U.S. Soldiers Who Were Killed In The Niger Ambush Became Separated From The Rest Of The Group

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Three weeks ago, four U.S. soldiers were killed during an ambush in Niger by about 50 attackers (assumed to be from an ISIS-affiliated group). Most of the reporting surrounding the attack has centered upon President Trump’s anger after his messy phone call with Sgt. La David Johnson’s widow. As for the attack itself, more questions than answers have persisted for weeks, and Sen. John McCain (as head of the Armed Service Committee) demanded details.

On Thursday evening, McCain spoke with reporters after a classified briefing to reveal more about findings in the Pentagon’s investigation. Although all of the details aren’t in yet, officials now know more than they did during last week’s briefing by General Joseph Dunford. The New York Times rounds up everything, including how the soldiers who were killed became separated from the rest of the unit, which totaled a dozen members of an Army Special Forces team and around 30 Nigerien soldiers. Here’s more:

Their squad mates immediately alerted commanders that they were under attack — then called for help nearly an hour later, as a top Pentagon official said this week — and ground forces from Niger’s army and French Mirage jets were both dispatched.

About two hours later, the firefight tapering off, French helicopters from nearby Mali swooped in to the rescue on the rolling wooded terrain. But they retrieved only seven of the 11 Americans. The four others were inexplicably left behind, no longer in radio contact and initially considered missing in action by the Pentagon, a status that officials say raises the possibility they were still alive when the helicopters took off without them.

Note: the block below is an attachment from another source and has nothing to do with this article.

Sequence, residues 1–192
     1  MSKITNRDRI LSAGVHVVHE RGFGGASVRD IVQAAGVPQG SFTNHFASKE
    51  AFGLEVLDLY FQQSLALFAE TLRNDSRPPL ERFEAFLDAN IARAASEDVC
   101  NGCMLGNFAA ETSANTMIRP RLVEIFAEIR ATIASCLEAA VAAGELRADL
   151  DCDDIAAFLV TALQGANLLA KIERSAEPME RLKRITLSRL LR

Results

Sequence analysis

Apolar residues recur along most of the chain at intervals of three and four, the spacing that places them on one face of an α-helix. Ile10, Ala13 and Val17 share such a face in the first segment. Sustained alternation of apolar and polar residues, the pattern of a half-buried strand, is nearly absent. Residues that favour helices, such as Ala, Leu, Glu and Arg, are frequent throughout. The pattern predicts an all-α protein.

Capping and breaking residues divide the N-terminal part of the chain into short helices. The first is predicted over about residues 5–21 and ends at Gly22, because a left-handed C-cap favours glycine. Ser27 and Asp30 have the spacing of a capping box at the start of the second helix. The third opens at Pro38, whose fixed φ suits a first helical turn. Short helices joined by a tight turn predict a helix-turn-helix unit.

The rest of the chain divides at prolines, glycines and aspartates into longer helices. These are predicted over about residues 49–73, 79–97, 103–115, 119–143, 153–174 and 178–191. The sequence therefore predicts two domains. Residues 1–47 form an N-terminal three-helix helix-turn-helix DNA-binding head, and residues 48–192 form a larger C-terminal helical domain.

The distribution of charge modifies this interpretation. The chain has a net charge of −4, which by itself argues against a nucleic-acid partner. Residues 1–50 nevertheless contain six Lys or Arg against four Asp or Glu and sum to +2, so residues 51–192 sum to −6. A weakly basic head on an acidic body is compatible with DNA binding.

From there, McCain reported that the timeline is still a confusing one. Once Joint Special Operations Command troops were told of the ambush, they were informed of the missing U.S. soldiers, which presents a telling contradiction against earlier reports from officials:

That calls into question Pentagon officials’ earlier assertions that either the Nigerien forces or French helicopters were with the bodies of at least three of the soldiers until they were recovered — an insistence that underscores the mantra that no soldier is left behind. “The U.S. military does not leave our troops behind,” Defense Secretary Jim Mattis said last week.

Further, the Pentagon still doesn’t know why Johnson’s body wasn’t discovered (in a remote area by Nigerien troops) until 48 hours after the ambush. Nor does anyone know how the mission shifted from what was considered a low-risk operation into a chaotic ambush by hostile parties. Yet officials do confirm that U.S. troops and their Nigerien counterparts were lightly armed and riding in unarmed vehicles. It’s understood that one villager informed the unit that “an important Islamic State” jihadist was nearby, but there’s still plenty of mystery remaining on whether villagers may have “tipped off” ISIS militants about the U.S. and Nigerien operation.

For his part, the Arizona senator isn’t even close to satisfied with what he disclosed. McCain told reporters that he had around “100 questions” that went unanswered, and the Pentagon is stressing that at least 30 more days will be needed to complete the investigation. However, senators who spoke with the NY Times expected the process to take 60 days.

(Via New York Times)